Auri is a young man determined to go places. He has risen through the ranks in the service of the Empire without the aid of any family connections, and now he is a first lieutenant on a diplomatic starship. Auri has gotten where he is by being stern and demanding. He gets things done. But there’s nobody on his current assignment that he can call a friend. Even his own captain thinks he is a little too uptight.
As “Wishes” opens, Auri’s ship has just received orders to take a diplomatic mission to Felin, a world occupied by a feline species that are considered barbarians by the empire. Auri has heard stories and rumors about the Felin’s taste for humans, which, the rumors go, serve as slaves, so he is quite disturbed when he finally meets up with the cat-like humanoids, who seem to show an interest in him.
Auri will be relieved when the mission is over. There’s just one more task to attend to, the signing of the agreement, and then they can leave. Only, it turns out that the young man is part of the deal. The diplomats have agreed to give Auri to the Felin king, without consulting with the young man. Auri is informed he is now the mate of the cat, and left there.
This is the third book I’ve read by J.C. Owens, and there’s definitely a pattern to this author’s stories, or at least the ones I’ve read. Chief among them is the theme of a young man taken - both physically and sexually - against his will, at least at first. Over time, of course, the man overcomes his fears and grows to love his captor. Put like that, and without the overlay of fantasy, there’s something a little creepy about the plot. But this is fantasy, and Owens delivers a believable story as Auri comes to terms - eventually - with his situation.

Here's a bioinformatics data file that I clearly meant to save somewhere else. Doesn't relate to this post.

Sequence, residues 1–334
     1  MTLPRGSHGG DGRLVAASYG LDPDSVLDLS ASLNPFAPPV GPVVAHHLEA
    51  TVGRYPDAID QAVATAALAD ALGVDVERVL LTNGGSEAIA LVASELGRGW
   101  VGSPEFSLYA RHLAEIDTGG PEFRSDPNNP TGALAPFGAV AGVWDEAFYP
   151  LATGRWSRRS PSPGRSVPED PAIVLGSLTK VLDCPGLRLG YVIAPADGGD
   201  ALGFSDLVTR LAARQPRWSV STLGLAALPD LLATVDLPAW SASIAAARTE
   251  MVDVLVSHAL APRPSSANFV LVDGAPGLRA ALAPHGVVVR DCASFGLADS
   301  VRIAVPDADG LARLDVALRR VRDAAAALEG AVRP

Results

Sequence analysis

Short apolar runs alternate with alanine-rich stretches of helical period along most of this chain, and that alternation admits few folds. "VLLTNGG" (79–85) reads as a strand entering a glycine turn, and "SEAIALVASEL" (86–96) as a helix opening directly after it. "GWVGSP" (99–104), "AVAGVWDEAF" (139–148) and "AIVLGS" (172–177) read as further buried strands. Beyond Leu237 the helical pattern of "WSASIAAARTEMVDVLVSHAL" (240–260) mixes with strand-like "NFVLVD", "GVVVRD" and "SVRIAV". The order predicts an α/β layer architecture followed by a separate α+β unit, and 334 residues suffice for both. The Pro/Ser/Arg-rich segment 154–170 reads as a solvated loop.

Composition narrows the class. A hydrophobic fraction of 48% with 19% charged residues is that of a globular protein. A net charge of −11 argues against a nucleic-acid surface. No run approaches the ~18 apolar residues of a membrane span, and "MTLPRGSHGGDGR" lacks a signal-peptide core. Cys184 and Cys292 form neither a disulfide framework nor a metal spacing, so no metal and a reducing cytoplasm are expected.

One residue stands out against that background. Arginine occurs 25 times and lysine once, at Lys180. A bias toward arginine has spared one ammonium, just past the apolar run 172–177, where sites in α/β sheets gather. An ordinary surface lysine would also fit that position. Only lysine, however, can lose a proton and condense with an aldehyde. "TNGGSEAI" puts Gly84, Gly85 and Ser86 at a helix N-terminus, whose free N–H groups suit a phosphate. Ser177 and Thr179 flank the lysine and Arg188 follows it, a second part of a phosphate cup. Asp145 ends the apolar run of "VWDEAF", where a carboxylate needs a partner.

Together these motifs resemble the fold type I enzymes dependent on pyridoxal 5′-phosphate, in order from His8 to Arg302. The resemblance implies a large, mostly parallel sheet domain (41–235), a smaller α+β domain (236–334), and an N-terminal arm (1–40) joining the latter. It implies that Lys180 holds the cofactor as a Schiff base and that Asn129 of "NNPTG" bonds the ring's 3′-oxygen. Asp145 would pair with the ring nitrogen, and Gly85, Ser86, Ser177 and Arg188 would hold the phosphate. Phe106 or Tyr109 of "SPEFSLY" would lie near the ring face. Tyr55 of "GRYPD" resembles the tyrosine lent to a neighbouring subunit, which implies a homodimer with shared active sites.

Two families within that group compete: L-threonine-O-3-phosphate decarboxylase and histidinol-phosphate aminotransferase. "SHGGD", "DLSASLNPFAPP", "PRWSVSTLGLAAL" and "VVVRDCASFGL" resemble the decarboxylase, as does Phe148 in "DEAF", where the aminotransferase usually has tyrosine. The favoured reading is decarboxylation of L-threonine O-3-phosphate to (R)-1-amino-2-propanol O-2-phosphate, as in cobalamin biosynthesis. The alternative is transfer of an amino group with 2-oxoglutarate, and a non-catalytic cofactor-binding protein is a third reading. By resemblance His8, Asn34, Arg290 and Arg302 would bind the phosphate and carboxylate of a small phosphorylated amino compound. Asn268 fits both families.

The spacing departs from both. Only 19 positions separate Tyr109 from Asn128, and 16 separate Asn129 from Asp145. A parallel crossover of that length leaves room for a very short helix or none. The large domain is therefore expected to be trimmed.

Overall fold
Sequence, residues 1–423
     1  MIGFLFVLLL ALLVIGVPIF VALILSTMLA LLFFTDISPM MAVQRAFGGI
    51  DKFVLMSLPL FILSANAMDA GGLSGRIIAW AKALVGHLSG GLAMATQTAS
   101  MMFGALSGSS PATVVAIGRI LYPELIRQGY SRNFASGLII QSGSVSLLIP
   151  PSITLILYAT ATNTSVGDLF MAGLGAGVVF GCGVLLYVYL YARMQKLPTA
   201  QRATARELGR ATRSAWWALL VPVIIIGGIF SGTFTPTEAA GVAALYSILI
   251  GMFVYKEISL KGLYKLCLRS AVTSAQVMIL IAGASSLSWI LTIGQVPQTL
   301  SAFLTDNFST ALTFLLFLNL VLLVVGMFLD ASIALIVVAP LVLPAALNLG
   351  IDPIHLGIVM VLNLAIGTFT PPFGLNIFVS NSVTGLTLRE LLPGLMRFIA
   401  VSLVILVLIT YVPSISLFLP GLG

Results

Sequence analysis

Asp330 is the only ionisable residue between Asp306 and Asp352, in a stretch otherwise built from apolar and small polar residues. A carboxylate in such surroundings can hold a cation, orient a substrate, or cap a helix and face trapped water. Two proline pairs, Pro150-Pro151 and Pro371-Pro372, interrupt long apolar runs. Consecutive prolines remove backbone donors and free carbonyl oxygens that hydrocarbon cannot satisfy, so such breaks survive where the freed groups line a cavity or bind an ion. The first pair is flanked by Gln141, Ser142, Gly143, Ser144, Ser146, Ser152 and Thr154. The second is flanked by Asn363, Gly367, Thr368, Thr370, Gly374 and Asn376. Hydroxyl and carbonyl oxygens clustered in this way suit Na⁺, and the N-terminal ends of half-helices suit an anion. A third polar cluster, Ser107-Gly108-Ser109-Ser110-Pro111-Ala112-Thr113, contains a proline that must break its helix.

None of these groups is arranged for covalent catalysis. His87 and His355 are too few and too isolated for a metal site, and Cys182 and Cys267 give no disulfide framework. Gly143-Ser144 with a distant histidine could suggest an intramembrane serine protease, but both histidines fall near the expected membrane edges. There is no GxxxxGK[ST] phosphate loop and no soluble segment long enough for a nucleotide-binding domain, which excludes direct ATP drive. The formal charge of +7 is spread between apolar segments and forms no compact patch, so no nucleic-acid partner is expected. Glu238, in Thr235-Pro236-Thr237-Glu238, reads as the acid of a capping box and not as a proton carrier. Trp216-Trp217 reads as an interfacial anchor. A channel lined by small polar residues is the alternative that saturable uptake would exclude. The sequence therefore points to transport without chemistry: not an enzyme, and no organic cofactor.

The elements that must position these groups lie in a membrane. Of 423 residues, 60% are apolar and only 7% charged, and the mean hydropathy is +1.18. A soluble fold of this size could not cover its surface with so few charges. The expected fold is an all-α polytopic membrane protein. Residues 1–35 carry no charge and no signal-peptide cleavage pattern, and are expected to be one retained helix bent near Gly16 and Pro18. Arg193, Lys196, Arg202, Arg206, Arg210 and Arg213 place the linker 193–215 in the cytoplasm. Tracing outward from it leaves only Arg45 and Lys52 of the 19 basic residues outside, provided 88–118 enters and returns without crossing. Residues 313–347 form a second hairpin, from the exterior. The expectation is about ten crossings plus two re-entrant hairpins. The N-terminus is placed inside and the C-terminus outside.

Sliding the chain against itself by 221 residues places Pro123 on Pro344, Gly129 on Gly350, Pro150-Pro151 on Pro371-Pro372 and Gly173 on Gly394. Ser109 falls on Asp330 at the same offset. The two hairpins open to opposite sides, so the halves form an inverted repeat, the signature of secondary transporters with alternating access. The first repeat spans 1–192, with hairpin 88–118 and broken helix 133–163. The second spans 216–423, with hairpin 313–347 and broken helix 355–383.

The author does a really good job of painting a picture of Auri as a young man who has a lot to overcome, mostly within himself. To get as far as he did in the military, he had to build strong walls around his heart and his feelings, not trusting anyone. In the new situation he find himself thrust into, he needs to tear down those walls and learn to trust those around him. I found myself identifying with Auri a little more than I expected.
On the whole, this is a good story, well written. There are places where there is a lot of ’telling’ us what Auri is feeling, rather than showing us, but it always seems to stop short of being tedious. However, since the young man is isolated and not one to share his feelings, there really isn’t another easy way to show us what he is thinking. This was a fun read, if nothing too deep.
“Wishes” is available from Amazon.